Crafting for a Cause
The fires were raging. The fortunate animals, lucky to be alive, were displaced from their habitats. Animal welfare and rescue organizations stepped in and began caring for them -- some orphaned, some burned, others malnourished -- since they could no longer do so for themselves.
A half a world away Laurie Gilson, a third-year mechanical and metallurgical engineering student at Missouri University of Science and Technology and a member of Phi Sigma Rho Sorority’s Rho chapter, was reading about the devastation of the fires and saw that the animal rescue and rehabilitation organizations were asking for sewn donations of pouches, nests, and wraps -- concoctions that would mimic the animal’s real habitat and provide a warm, snuggly temporary home while they recuperated. Immediately upon seeing the request, Laurie “knew this would be a good way I could help.”
For as long as she can remember, Laurie has been sewing. At age 16, she taught herself to crochet because, as a huge Marvel fan, she wanted to make an Avengers doll. “After that I fell in love with the craft!” she said.
Through an online search, Laurie started working with Relief Crafters of America, a volunteer-run organization that “serves to direct handcrafted fiber products to groups in need.” At the time, the organization was largely focused on sending crafted goods to animal rehabilitation organizations in Australia. The organization promotes different projects and causes on a monthly basis.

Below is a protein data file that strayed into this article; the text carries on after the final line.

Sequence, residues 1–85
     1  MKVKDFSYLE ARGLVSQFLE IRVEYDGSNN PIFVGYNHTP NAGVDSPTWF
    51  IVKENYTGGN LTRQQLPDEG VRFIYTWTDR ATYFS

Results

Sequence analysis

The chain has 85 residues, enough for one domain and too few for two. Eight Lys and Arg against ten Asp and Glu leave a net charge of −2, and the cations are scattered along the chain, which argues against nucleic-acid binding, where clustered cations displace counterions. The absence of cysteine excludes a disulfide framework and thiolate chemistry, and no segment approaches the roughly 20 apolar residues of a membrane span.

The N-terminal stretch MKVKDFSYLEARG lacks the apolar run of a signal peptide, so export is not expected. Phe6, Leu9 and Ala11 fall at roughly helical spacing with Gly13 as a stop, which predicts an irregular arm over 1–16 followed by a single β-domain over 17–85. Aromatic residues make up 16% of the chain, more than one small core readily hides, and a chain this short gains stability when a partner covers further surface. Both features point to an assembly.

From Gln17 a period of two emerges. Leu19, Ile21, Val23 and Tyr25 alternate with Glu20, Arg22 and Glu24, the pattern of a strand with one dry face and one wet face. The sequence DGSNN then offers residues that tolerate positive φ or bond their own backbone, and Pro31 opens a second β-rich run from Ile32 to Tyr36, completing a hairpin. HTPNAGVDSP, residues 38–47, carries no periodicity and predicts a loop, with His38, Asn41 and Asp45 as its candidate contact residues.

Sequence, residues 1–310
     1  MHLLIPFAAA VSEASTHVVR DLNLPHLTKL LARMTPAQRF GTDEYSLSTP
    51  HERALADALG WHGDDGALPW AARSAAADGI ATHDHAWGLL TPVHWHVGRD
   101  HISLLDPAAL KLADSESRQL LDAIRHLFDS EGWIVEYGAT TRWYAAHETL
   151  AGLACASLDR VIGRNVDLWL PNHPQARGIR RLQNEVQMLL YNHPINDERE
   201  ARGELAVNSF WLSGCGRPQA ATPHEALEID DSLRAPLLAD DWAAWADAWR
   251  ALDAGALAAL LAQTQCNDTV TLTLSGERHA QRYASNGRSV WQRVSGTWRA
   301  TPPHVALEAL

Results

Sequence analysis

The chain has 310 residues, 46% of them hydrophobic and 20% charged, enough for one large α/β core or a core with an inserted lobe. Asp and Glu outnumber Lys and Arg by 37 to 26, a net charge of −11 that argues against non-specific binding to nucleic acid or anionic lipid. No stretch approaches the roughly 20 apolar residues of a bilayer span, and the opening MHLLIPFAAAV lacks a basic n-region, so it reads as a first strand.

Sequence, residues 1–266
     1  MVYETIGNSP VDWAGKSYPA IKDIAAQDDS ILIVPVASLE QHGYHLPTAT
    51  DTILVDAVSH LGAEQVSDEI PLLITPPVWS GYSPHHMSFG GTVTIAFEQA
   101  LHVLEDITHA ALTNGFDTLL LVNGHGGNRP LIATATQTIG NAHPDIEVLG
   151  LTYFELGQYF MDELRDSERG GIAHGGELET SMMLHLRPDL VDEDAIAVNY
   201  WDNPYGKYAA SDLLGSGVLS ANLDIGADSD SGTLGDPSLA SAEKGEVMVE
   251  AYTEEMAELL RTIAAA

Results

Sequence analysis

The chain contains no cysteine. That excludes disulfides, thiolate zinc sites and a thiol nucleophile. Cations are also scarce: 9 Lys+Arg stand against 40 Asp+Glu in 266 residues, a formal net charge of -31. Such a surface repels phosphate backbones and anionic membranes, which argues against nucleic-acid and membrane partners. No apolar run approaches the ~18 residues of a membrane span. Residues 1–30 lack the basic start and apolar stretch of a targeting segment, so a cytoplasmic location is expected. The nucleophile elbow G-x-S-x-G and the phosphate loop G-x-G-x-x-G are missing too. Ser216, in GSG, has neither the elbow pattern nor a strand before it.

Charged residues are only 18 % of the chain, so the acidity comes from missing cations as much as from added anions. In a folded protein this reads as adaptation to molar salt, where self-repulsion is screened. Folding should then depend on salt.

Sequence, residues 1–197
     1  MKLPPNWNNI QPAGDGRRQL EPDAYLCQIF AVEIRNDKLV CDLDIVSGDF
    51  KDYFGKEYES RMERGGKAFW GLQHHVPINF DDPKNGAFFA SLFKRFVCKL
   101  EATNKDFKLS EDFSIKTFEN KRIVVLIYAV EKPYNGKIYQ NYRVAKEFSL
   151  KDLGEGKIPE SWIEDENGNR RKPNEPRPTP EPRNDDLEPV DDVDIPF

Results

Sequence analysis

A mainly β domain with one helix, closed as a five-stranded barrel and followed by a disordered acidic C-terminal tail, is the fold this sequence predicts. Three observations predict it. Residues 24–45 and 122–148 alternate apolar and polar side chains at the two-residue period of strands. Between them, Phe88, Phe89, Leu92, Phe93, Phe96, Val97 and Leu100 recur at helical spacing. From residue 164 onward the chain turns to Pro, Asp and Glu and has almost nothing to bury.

“The main item I worked on were animal pouches,” she said. “These are essentially sacks with rounded bottoms and sturdy construction that provide a snuggly temporary home for the animals (like joeys and opossums). I also worked on bat wraps, which mimic a mama bat wrapping up a baby bat in her wings. Other items were hanging versions of the animal pouches, bat pouches, and crochet bird nests.”
Laurie began to realize that her efforts could also be needed locally as well.
“I was thinking about how rehabilitators in my area could use these as well, and not just for huge disasters but for everyday animal care,” she said.
She contacted Lakeside Nature Center in Kansa City, MO to find out what they might need, which prompted her to supply them with animal pouches, too.
She was planning on utilizing Phi Sigma Rho’s annual Service with Sigmand Week, a yearly spring event that encourages philanthropy and volunteerism within the sorority, as a way of getting her sorority sisters involved in making animal pouches for Lakeside Nature Center. Unfortunately, due to the ongoing global pandemic and the closure of college campuses, that project was put on hold.
As the pandemic has spread and our country’s need for personal protective equipment (PPE) has been highlighted, Laurie has refocused her sewing efforts into making fabric face masks to help with the nationwide shortages, another project sponsored by the Relief Crafters of America. With the help of her Phi Sigma Rho sisters, Laurie was able to supply a nursing home with enough masks to protect both their nurses and residents.
In addition to the face masks, Laurie continues to make animal pouches with the remaining scraps she has, and would like to continue to support future projects sponsored by Relief Crafters. When asked if she had a specific goal in mind with regards to ending the project, she responded, “My plan is to keep sewing until I run out of fabric! Our faculty advisor just donated a ton of extra fabric to me, so I’ll be busily sewing for a while!”